So you’re really getting serious about this education thing, huh? Good, let’s chat.
Long before an organization has anyone in a formal training role, they should begin to think deliberately about how they educate their customers. Education plays a valuable role in the customer journey and is a key pillar of the notion that it's much cheaper to keep existing customers than go out and acquire new ones.
I want to share a few things I’ve learned in my time at Gong that can help you formalize and standardize your customer education, specifically with regard to live training, long before it is any one person’s job. For full transparency, I was not a part of this time period at Gong as my hiring signified the end of this chapter and beginning of the next for our organization.
For most organizations in this phase, delivering training to customers is either a significant portion of one/a few people’s job or a small part of a lot of people’s job. In either case, there are a few deliberate steps that can be taken to make the most of these efforts and set you up well for future iterations in your education journey.
This is particularly important in the case where live training is a small part of multiple people’s jobs at once. Make sure the content that is being taught is standardized across everyone who is delivering it.
That doesn’t mean that these engagements should feel depersonalized from the customer or robotic but rather recognizes that there are many different skill sets across these individuals delivering training and by borrowing ideas from several different people and forming a unified deck, flow and style to an extent, you’re creating a consistent, high quality customer experience.
Know your personas and what they care about:
Today, my team and I deliver training to core personas and if you looked at the decks we use for each unique persona, you’d spot some visual differences but not a ton.
Why, you ask?
Well, because we’re ultimately training them on the same parts of the same platform, just from each persona’s unique perspective. As such, the devil’s in the details, or rather the delivery.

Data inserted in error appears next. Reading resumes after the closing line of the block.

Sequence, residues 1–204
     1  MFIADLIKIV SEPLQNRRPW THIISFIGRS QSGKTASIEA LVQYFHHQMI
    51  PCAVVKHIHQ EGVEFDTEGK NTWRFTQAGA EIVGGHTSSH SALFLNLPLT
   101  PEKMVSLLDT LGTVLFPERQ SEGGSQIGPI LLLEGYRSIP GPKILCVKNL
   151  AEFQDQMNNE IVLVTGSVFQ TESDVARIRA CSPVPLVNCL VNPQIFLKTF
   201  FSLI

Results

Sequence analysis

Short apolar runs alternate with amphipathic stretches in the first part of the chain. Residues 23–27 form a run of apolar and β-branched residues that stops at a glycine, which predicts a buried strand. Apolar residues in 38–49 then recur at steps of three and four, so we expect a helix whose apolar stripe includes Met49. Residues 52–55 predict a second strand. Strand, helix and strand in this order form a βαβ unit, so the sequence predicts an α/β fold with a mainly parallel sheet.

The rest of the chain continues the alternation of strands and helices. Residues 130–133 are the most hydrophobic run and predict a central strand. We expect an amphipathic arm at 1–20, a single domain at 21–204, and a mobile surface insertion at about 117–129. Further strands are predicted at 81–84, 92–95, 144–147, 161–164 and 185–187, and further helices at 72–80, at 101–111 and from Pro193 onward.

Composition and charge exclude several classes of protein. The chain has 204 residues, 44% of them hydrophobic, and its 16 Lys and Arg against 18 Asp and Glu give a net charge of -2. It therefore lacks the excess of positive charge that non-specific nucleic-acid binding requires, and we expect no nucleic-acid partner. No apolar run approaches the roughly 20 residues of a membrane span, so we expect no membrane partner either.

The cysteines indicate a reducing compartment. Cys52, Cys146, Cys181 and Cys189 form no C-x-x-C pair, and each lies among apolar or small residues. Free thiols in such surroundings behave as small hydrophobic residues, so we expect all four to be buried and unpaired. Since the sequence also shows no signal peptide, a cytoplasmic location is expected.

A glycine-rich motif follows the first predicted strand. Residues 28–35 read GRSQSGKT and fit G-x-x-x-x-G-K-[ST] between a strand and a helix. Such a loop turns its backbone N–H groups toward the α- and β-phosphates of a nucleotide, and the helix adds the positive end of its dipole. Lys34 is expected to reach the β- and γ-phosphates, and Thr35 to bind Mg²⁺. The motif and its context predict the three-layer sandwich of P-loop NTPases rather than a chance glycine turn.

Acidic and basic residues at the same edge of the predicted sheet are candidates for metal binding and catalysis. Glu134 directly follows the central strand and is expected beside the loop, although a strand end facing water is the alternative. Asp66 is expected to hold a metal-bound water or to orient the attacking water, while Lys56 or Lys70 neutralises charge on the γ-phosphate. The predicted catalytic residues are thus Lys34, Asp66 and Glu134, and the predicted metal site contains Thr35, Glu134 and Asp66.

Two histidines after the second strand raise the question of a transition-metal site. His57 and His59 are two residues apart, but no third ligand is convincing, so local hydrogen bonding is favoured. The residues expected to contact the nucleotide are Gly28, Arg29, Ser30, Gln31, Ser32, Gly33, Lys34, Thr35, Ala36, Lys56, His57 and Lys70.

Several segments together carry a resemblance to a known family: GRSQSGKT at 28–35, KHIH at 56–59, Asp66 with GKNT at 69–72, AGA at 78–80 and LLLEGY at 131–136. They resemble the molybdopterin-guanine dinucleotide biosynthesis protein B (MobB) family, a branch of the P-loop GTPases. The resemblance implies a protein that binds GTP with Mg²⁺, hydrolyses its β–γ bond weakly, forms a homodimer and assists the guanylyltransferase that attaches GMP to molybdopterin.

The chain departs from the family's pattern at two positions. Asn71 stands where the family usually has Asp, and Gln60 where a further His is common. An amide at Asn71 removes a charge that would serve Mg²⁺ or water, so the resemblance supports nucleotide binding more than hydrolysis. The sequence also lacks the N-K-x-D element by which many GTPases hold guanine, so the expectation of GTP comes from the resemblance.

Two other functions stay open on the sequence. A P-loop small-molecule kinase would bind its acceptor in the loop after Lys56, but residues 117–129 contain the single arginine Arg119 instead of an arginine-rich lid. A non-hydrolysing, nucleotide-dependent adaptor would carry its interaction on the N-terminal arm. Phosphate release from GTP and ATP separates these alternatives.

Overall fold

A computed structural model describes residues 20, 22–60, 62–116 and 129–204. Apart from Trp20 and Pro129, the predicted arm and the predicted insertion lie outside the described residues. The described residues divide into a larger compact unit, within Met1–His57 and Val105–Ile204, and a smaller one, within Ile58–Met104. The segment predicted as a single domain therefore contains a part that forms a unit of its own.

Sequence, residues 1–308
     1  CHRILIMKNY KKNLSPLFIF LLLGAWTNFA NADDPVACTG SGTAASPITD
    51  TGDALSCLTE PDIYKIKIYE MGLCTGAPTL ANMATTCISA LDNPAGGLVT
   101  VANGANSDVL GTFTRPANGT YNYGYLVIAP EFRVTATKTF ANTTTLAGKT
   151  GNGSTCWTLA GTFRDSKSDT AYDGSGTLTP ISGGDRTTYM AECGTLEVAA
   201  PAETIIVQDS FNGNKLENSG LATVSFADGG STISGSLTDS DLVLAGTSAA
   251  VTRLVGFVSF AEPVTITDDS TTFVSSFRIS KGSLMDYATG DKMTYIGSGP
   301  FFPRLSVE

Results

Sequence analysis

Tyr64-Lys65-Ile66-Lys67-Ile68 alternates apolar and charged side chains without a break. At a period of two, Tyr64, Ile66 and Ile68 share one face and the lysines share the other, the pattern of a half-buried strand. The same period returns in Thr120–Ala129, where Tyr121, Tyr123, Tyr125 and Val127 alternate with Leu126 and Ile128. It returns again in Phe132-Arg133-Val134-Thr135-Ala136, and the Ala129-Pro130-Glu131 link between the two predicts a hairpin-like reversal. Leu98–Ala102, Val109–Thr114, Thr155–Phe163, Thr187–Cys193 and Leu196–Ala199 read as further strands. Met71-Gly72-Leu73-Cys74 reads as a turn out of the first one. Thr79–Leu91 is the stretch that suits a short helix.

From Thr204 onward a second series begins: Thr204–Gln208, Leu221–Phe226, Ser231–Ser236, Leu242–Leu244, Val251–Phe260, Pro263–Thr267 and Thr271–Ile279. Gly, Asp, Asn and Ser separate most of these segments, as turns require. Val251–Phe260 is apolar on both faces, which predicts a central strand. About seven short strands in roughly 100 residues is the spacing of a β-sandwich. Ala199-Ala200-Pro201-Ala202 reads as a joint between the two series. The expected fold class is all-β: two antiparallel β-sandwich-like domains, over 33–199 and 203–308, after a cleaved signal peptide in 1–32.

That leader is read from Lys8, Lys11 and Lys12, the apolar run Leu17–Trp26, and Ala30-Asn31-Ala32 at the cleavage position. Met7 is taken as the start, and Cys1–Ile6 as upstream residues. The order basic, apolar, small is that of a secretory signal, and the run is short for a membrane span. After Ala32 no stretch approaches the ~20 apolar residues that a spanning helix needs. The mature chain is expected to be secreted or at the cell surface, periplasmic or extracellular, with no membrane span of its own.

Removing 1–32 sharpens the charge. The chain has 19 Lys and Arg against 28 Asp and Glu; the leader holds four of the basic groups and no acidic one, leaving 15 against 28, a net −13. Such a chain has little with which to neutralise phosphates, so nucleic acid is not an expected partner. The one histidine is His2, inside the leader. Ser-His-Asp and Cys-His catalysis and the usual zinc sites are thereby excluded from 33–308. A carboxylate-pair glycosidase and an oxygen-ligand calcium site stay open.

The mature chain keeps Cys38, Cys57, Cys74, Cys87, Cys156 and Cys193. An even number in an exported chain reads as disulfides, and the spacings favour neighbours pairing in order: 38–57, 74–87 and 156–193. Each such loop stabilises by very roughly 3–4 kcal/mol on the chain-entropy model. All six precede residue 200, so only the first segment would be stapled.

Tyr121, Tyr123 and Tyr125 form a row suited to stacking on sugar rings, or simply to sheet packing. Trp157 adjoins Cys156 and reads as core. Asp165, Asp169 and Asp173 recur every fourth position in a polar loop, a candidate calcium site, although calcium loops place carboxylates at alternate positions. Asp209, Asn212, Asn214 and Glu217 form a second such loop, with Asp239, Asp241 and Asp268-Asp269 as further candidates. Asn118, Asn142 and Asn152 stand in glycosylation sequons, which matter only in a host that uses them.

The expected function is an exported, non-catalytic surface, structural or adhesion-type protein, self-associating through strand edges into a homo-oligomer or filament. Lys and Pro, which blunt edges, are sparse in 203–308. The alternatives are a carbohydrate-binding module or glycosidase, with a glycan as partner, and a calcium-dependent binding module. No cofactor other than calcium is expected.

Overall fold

When I’m preparing for a training, most of my time is spent leaving myself notes on what to say to make sure the learner feels like I truly understand what it is they do and what matters to them, not on tweaking the look and feel of my slides.
The success of your budding training efforts will be greatly boosted by a solid understanding of who your audience is and what really matters to them.
Bullets, not scripts:
People buy from people. People also learn from people.
So when you’re putting together a live training motion for your organization, make sure you’re outlining key talking points and a consistent flow without overengineering.
Everyone has their own style, personality and passion and if that can’t shine through in their delivery, the training will lose a lot of its lustre.
The goal is for crisp, clear communication that feels conversational, not scripted.
Conversations, not presentations:
As you think about the way you will structure your live training sessions, look for opportunities to include the learner in the discussion.
My biggest concern when I’m training a group of users is that they feel like I’m talking to them, not with them. Even if I’m speaking 70% or more of the time we’re together, I want them to feel like their voice and their perspective contributed to the conversation.
It could be asking for an example from their role when you get to a variable in a workflow. It could also be reflecting on a section by spurring discussion about how they see themselves using that functionality and what value they seem themselves getting from it.
Get creative! For some folks this will look like on-your-own activities, others like to include polls, and in certain cases just getting feedback and thoughts in the chat box of a webinar style training is more than sufficient.
Begin with the end in mind:
Putting together training content can be exhausting and overwhelming. One of the best things you can do is to start by deciding what the learning objectives are.
In other words, what should the learner walk away knowing, feeling, thinking and doing. Once you are clear on those points, work backwards and decide how you can accomplish those objectives through the learning experience you put together.
By looking at it through this sort of goal oriented, objective lens you’ll be able to hopefully avoid spending too much time on the wrong things or not clearly communicating next steps or a call to action to your learners so they can carry this new knowledge into their regular routines.
I’m hopeful that these ideas have given you some tangible action steps to move you forward in this journey!
As much as this post serves to inform, it also is meant to inspire conversation.
I’d love to see comments, questions and discussion below and will do my best to respond.